|Na2HPO4, sodium hydrogen phosphate||anti-caking agent; used in powdered products|
|Na2SO3, sodium sulfite||preservative|
Compounds Containing a Metal Ion with a Variable Charge
Most of the transition metals and some main group metals can form two or more cations with different charges. Compounds of these metals with nonmetals are named with the same method as compounds in the first category, except the charge of the metal ion is specified by a Roman numeral in parentheses after the name of the metal. The charge of the metal ion is determined from the formula of the compound and the charge of the anion. For example, consider binary ionic compounds of iron and chlorine. Iron typically exhibits a charge of either 2+ or 3+ (see Figure 2.29), and the two corresponding compound formulas are FeCl2 and FeCl3. The simplest name, “iron chloride,” will, in this case, be ambiguous, as it does not distinguish between these two compounds. In cases like this, the charge of the metal ion is included as a Roman numeral in parentheses immediately following the metal name. These two compounds are then unambiguously named iron(II) chloride and iron(III) chloride, respectively. Other examples are provided in Table 2.9.
Out-of-date nomenclature used the suffixes –ic and –ous to designate metals with higher and lower charges, respectively: Iron(III) chloride, FeCl3, was previously called ferric chloride, and iron(II) chloride, FeCl2, was known as ferrous chloride. Though this naming convention has been largely abandoned by the scientific community, it remains in use by some segments of industry. For example, you may see the words stannous fluoride on a tube of toothpaste. This represents the formula SnF2, which is more properly named tin(II) fluoride. The other fluoride of tin is SnF4, which was previously called stannic fluoride but is now named tin(IV) fluoride.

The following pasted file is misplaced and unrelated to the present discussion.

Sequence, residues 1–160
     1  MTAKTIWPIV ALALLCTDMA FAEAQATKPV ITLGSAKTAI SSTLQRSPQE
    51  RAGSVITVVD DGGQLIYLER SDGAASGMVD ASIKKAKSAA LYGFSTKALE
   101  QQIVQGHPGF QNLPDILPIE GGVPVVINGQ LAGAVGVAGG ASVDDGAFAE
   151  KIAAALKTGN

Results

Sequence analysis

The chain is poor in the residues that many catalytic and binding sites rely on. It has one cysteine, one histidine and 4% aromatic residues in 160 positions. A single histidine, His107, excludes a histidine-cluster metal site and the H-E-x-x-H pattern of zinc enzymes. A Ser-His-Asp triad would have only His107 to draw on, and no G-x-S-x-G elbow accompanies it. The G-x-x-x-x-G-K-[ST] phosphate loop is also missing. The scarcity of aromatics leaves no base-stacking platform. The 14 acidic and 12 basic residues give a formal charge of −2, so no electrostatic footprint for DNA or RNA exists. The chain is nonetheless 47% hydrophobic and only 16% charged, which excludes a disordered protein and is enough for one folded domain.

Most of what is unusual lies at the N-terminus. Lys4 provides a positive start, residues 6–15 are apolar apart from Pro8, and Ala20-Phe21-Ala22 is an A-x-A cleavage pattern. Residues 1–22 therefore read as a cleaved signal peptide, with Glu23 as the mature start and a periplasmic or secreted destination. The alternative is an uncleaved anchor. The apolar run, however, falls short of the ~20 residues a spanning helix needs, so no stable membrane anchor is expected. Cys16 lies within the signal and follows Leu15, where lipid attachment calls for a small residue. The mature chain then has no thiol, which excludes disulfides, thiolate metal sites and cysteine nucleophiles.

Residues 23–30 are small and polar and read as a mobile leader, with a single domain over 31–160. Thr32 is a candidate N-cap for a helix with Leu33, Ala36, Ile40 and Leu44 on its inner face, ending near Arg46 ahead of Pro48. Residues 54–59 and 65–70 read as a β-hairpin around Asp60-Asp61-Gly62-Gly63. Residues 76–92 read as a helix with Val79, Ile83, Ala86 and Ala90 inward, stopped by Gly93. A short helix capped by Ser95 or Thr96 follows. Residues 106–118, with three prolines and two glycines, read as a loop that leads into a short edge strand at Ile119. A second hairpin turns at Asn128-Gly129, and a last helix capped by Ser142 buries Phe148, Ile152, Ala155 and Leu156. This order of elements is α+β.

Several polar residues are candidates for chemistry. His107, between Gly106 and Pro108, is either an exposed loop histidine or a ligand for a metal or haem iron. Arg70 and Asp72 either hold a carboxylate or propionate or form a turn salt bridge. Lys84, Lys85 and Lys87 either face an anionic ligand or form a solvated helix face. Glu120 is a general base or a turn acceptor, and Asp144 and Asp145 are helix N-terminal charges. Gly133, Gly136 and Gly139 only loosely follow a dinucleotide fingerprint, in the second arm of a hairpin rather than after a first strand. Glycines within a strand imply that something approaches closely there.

Ionic compounds that contain water molecules as integral components of their crystals are called hydrates. The name for an ionic hydrate is derived by adding a term to the name for the anhydrous (meaning “not hydrated”) compound that indicates the number of water molecules associated with each formula unit of the compound. The added word begins with a Greek prefix denoting the number of water molecules (see Table 2.10) and ends with “hydrate.” For example, the anhydrous compound copper(II) sulfate also exists as a hydrate containing five water molecules and named copper(II) sulfate pentahydrate. Washing soda is the common name for a hydrate of sodium carbonate containing 10 water molecules; the systematic name is sodium carbonate decahydrate.
Formulas for ionic hydrates are written by appending a vertically centered dot, a coefficient representing the number of water molecules, and the formula for water. The two examples mentioned in the previous paragraph are represented by the formulas
|1 (sometimes omitted)||mono-||6||hexa-|
Naming Ionic CompoundsName the following ionic compounds
SolutionThe anions in these compounds have a fixed negative charge (S2−, Se2− , N3−, and and the compounds must be neutral. Because the total number of positive charges in each compound must equal the total number of negative charges, the positive ions must be Fe3+, Cu2+, Ga3+, Mg2+, and Ti3+. These charges are used in the names of the metal ions:
(a) iron(III) sulfide
(b) copper(II) selenide
(c) gallium(III) nitride
(d) magnesium sulfate heptahydrate
(e) titanium(III) sulfate
Check Your LearningWrite the formulas of the following ionic compounds:
(a) chromium(III) phosphide